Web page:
One Day We'll All Be Dead and None of This Will Matter by Scaachi Koul

Despite its short length, it takes only a few lines of Scaachi Koul's prose to feel like you're in her inner circle. This book quickly envelops you in Koul's experience of growing up first generation Indian Canadian, to parents she clearly loves and admires, but with whom she cannot always relate 100 percent, because even their native tongue is different. She has grown up certainly influenced by her heritage and shaped by the parents who raised her, but is also her own woman in a different world, one in which she cohabits with her white boyfriend well before marriage, for example.

In these personal essays, Koul discusses the fear of travel she now experiences, handed down by her parents who have become much more protective since they each lost their own parents to illnesses thousands of miles away. She grapples with race and her own light skin as a marker of where in North India she is from and what this means in India versus in the United States. She imagines what her niece's life will look like, given that her brother is Indian and her mother is white. She details the tiresome Indian wedding ceremonies, mocking the friends in Canada who envy her long trip home and the seven days of celebration she witnesses - sure, to foreigners, it is fun, but there's a loooooooot more to it than that (she posits, and I believe it).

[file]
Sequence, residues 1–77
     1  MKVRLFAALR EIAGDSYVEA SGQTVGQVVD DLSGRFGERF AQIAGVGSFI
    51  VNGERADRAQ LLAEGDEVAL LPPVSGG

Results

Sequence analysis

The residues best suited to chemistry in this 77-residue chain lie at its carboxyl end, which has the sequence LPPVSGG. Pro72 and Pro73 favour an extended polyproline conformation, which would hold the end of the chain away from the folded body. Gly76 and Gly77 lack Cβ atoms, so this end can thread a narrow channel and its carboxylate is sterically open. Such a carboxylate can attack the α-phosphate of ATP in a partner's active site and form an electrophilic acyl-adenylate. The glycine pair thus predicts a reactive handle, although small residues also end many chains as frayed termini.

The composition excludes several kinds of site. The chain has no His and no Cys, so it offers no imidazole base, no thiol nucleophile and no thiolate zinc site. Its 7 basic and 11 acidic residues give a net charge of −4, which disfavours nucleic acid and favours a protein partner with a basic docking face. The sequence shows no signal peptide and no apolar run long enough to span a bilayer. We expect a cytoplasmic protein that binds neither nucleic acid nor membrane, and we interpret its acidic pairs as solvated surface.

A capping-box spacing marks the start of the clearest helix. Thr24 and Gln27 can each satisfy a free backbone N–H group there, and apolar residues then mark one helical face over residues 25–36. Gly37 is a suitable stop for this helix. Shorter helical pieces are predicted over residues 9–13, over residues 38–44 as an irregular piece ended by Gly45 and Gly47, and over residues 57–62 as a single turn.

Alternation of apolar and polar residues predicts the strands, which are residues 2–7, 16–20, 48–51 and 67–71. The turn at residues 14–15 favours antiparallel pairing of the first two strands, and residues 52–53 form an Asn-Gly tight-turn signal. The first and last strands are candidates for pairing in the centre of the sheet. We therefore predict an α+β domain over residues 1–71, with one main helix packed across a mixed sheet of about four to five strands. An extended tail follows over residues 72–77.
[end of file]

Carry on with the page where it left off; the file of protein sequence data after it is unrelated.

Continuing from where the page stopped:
If Indian weddings for Indian people are the furthest from ‘fun’, trips to India for Indian people are the furthest from ‘vacation’. When I told my friends about the upcoming trip, everyone purred about what a great time I’d have, told me to take a lot of photos, told me to eat everything. But if you’re going to India to see your family, you’re not going to relax, you’re not going to have a nice time. No, you’re going so you can touch the very last of your bloodline, to say hello to the new ones and goodbye to the older ones, since who knows when you’ll visit again. You are working.
— Scaachi Koul, One Day We'll All Be Dead and None of This Will Matter

Race and culture are not the only things she addresses. She tackles body image, rape culture, alcoholism and the dark and light edges to social media. She does this with cutting, quirky and sometimes laugh-out-loud language, all which remind you that she is, after all, a BuzzFeed writer known for her wit. This was an enjoyable read, and a wonderful reminder of the homes we leave and the homes we make. 

I like being present in spaces where I am not welcome because you do not deserve to feel comfortable just because you’re racist or sexist or small-minded.
— Scaachi Koul, One Day We'll All Be Dead and None of This Will Matter